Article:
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high winds - tree loss

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Offline Technopat

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« on: March 08, 2007, 13:36 PM »
Greetings All,
Yesterday's high winds uprooted more than 250 trees (53 of them in El Parque del Retiro), according to today's radio news (RNE). Imagine similar, and possibly worse damage, nationwide, or rather, peninsula. Are there any trees that are especially vulnerable to high winds, i.e. short roots, particular species, evergreens/deciduous, certain soils, and more to the point, what trees could be planted to resist high winds? Have always been fascinated by those isolated and solitary trees on windswept heathlands, etc. leaning, but not really leaning, in the direction of the wind.
Hold onto your hollyhocks!
Regards,
Technopat
Technopat's disclaimer: If this posting seems over the top and/or gets your goat (Sp. anyone?), please accept my apologies and don't take it personally - it's just my instinctive tendency to put my foot in it whenever/wherever possible. See also:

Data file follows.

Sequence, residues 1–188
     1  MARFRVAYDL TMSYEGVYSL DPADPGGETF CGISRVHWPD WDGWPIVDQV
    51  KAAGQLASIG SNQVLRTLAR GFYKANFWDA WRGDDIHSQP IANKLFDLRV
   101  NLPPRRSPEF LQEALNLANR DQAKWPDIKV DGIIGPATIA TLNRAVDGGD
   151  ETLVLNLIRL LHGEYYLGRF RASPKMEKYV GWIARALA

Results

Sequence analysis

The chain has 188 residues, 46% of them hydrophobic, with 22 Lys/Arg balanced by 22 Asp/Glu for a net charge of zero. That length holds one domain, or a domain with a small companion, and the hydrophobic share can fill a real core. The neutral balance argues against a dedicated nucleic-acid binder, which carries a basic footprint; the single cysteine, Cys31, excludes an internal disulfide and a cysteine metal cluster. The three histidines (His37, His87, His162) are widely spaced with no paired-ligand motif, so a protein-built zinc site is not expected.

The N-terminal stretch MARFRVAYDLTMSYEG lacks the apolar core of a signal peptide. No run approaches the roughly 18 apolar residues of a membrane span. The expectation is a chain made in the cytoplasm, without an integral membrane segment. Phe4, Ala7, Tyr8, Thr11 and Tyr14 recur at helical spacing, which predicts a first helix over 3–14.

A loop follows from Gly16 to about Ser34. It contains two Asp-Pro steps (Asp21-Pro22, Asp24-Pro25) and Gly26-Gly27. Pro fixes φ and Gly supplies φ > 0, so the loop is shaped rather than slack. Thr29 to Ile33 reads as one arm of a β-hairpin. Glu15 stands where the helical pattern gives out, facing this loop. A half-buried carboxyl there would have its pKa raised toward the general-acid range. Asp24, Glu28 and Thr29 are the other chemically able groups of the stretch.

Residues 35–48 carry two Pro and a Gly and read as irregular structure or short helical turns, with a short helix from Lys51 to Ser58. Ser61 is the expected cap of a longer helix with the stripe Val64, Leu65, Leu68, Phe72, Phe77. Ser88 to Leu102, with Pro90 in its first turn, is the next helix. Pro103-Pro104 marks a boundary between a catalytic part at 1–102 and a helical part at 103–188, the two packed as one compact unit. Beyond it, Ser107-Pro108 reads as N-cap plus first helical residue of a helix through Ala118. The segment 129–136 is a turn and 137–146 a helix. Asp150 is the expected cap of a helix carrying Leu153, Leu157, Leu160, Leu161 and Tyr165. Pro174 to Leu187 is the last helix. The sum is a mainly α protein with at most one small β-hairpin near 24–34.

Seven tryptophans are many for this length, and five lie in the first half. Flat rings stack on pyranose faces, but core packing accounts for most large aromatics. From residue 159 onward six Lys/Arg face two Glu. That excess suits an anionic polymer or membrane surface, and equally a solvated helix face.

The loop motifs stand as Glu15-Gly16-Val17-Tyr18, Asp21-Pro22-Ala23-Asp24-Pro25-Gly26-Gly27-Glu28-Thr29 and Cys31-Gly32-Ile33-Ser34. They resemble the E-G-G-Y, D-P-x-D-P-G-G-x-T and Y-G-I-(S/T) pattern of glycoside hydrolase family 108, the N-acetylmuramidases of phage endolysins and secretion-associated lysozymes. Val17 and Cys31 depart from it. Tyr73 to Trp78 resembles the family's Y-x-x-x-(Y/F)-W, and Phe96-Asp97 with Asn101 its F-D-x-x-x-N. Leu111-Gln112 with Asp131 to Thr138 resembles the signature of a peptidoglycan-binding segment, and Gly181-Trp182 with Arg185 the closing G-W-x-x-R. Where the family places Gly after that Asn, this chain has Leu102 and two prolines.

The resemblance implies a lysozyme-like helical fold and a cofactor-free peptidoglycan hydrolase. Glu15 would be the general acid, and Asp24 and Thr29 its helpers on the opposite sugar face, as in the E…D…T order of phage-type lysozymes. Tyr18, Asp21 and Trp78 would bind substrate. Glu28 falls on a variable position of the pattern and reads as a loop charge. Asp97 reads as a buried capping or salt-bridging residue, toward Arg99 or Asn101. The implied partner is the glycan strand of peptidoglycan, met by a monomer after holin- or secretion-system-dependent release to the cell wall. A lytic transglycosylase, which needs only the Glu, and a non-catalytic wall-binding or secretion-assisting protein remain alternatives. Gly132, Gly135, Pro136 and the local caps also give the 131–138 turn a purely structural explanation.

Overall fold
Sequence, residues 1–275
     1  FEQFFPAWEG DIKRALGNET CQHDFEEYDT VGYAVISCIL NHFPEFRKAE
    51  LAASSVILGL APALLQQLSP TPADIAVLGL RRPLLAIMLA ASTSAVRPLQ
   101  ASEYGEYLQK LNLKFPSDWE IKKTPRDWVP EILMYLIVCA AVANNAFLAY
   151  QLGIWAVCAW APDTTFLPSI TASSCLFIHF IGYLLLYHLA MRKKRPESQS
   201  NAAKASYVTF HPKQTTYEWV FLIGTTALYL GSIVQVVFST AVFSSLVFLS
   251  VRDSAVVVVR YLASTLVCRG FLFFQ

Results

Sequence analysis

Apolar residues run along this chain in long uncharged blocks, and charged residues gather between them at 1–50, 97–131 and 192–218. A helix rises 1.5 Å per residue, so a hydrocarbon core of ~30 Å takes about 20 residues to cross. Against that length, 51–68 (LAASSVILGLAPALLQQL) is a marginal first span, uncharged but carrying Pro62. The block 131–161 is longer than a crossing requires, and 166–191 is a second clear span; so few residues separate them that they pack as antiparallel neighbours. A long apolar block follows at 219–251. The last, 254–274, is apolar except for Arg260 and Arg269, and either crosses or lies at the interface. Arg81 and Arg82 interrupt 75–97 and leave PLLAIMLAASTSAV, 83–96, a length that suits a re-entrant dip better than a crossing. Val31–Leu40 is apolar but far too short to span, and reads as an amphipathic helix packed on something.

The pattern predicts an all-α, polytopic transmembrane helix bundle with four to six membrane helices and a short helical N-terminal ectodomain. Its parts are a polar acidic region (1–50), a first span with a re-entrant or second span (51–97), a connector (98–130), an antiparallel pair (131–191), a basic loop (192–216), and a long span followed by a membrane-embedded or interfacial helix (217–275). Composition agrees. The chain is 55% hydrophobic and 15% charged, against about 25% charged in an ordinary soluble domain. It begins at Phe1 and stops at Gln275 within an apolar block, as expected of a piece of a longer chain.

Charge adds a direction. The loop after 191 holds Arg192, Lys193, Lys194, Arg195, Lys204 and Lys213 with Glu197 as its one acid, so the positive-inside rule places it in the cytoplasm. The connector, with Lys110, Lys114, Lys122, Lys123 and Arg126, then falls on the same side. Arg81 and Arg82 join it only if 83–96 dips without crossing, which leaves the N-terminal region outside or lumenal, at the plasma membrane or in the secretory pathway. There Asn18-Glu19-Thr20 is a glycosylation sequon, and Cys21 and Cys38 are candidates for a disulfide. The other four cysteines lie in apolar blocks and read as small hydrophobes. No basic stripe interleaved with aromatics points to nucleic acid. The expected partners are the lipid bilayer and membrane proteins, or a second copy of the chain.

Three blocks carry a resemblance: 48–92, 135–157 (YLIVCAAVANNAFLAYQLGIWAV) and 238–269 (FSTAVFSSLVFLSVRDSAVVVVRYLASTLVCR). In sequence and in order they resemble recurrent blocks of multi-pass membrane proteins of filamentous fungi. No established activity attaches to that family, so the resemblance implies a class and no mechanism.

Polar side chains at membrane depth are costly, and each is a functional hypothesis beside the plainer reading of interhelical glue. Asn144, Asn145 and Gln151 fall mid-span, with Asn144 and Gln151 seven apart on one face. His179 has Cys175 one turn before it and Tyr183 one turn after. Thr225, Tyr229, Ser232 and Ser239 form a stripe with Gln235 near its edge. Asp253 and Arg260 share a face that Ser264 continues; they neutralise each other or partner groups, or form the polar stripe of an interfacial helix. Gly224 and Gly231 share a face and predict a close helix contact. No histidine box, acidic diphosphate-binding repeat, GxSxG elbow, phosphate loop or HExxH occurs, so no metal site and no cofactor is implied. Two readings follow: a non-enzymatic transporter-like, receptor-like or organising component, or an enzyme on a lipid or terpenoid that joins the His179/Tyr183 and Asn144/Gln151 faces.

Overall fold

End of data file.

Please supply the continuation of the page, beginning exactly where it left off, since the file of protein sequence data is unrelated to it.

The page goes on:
http://www.iberianatureforum.com/index.php/topic,266

Offline Clive

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« Reply #1 on: March 08, 2007, 17:00 PM »
Hola,

Last night at around 4 am down here in Grazalema a wind hit us for about an hour or so. It was very very fierce but this morning there is very little damage. No trees down at all and even more disappointing, that 12 metre dead bit at the top of one of my poplars is still there. (I was hoping for a bit of leña to get me through the last of the winter. Had this wind continued and been accompanied by rain the results could have been devastating.